Pac-12 basketball teams near Barcelona terrorist attack safe

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AP

Pac-12 basketball teams near Barcelona terrorist attack safe

Men's basketball teams from Oregon State, Clemson and Arizona were staying at a hotel in Barcelona, Spain, near where a van drove into pedestrians on Thursday, but team officials said everyone was safe.

Spanish police have confirmed they are investigating the bloodshed in Barcelona's historic Las Ramblas district as a terror attack. The area is a popular summer tourist spot.

Tulane also was playing in Barcelona, but it was unclear if they were staying in the same hotel as the other teams.

Oregon State assistant coach Gregg Gottlieb posted to Facebook: "We are all luckily ok. Our hotel/restaurant is located right on Las Ramblas. This tragedy happened right in front of us as our team just sat down for pregame meal. Thoughts and prayers for all those that are were hurt."

The Beavers' game Thursday night was canceled. It was supposed to be the first of a five-game tour.

Clemson was scheduled to play Thursday night against a Spanish All-Star team.

"We've been in contact with our men's basketball program currently in Barcelona and the entire travel party is safe and secure. Their exhibition game for tonight has been cancelled and the team will return to Clemson as previously scheduled tomorrow morning. Our thoughts are with the people of Barcelona," the South Carolina school said in a statement.

Clemson coach Brad Brownell confirmed in a text to The Associated Press that the three teams were staying in the same hotel.

"We are fine. Thankful to be safe and together," Brownell wrote.

Tulane athletic director Troy Tannen confirmed via social media that the Green Wave players and staff were safe.

Replying to a Twitter inquiry from a Portland television about whether the team was OK, Oregon State head coach Wayne Tinkle responded: "Yes we are, happened directly in front of our hotel while we were having a team meal in the restaurant, so senseless and sad! All accounted4."

Oregon State said it has not yet determined the remaining schedule for the team, which was supposed to be on the exhibition tour until Aug. 25.

A spokesman for Arizona said the Wildcats have canceled their third and final exhibition of their tour and "are currently working on travel plans to return home."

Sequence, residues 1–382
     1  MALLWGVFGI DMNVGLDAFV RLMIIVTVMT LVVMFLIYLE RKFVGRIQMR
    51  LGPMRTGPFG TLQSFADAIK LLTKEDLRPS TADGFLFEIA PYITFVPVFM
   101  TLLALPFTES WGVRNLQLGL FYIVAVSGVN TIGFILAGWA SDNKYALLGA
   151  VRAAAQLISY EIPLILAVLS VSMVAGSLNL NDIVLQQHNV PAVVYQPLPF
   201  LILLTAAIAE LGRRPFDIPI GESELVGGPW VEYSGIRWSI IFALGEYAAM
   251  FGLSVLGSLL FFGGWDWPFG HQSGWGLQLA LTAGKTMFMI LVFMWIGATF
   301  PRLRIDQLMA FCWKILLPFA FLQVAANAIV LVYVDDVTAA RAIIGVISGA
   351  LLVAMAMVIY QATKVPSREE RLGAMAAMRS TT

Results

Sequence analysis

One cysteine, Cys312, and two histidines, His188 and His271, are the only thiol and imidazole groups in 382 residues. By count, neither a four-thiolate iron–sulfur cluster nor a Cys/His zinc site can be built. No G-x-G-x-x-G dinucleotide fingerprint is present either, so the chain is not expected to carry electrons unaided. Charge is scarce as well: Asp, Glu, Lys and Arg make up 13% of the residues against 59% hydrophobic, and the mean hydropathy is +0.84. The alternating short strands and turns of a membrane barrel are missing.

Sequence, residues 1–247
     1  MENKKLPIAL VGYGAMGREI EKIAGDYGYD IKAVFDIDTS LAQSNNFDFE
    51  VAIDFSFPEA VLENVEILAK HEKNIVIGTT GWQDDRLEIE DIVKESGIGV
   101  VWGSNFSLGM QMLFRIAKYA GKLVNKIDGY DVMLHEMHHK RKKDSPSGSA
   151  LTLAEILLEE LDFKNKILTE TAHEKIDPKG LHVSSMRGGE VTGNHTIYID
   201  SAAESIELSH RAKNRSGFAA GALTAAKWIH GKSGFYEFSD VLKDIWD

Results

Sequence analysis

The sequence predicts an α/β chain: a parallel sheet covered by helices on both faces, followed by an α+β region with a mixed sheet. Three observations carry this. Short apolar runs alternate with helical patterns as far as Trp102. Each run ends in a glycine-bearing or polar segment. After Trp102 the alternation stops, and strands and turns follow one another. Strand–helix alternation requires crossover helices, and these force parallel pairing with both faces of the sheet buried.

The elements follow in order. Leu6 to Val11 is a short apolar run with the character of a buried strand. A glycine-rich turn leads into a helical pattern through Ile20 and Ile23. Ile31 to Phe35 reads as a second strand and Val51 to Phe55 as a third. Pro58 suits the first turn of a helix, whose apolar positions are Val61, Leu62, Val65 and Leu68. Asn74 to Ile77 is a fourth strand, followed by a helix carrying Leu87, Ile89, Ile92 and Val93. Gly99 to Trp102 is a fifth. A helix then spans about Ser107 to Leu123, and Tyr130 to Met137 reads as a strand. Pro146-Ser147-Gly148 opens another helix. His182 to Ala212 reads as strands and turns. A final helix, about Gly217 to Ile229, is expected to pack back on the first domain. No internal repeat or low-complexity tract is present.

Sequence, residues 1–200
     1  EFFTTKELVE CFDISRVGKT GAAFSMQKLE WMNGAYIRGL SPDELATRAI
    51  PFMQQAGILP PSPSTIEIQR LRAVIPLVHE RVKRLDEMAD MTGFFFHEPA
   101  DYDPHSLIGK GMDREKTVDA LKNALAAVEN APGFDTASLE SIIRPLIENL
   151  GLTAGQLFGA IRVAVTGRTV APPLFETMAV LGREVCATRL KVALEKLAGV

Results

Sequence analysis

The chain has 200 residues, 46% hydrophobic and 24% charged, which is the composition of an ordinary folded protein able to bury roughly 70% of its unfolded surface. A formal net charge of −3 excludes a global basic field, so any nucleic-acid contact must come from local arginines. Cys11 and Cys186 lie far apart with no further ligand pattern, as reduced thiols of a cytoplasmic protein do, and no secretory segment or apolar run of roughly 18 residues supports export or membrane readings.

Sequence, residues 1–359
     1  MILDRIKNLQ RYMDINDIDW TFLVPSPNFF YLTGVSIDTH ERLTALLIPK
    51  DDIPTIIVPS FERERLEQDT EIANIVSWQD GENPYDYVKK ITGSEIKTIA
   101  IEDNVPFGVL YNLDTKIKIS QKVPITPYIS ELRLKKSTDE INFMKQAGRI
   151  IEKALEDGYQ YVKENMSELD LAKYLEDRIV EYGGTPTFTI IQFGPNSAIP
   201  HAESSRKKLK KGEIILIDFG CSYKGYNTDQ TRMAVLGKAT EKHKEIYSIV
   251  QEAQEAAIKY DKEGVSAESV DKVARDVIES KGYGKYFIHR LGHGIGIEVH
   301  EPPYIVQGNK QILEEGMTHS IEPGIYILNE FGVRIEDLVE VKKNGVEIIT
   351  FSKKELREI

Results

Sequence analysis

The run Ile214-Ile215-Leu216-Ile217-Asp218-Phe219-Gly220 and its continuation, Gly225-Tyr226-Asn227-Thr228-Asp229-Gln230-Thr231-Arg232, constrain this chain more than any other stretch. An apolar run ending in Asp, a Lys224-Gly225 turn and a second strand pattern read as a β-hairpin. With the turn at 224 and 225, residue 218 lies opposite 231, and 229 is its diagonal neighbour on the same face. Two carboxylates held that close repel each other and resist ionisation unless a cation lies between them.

The future of Cal athletics, or lack thereof

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USATSI

The future of Cal athletics, or lack thereof

Your education dollars are always at work, so it is with pride and bewilderment that we report that the University of California’s incoming class (2021, for those few who can get out in four years) marched to Memorial Stadium and formed the world’s largest human letter.
 
It was . . . wait for it . . . a “C.” A 7,196-person-strong “C.”
 
But the school, as it occasionally does, missed a golden opportunity to seize a golden opportunity. All they needed to do was have a quick whip-round, get $55,586.44 from each and every one of the captives . . . er, students, and they could have wiped out their entire athletics deficit in one night.
 
You see, while forming gigantic letters is always fun (or as the kids used to say when double negatives didn’t mean voting, never not fun), Cal is staring at quite possibly the bleakest future a major athletic university ever has. The athletic department, whose chief officer, Mike Williams, has just announced his intention to quit, is over $400 million in debt between construction costs, ambition, shrinking allegiance and the absence of a Phil Knight-level sugar daddy to buy the pain away.
 
And before you blame Williams, he inherited this indigestible planetoid from his predecessor, Sandy Barbour, who grew it from her predecessor, Steve Gladstone, and hastened it from . . . well, you get the drift. 
 
Cal’s been blowing through money it hasn’t been taking in for years upon years, didn’t realize the deficit-cutting benefits of the Pac-12 Network (because they largely don’t exist), and the day of reckoning looms closer and closer, especially now that new chancellor Carol Christ (no apparent relation) described the deficit as “corrosive” and has insisted that the athletic department have a balanced budget by 2020.
 
In short, the school may only be able to afford a lower-case “C” before too long. Maybe in comic sans.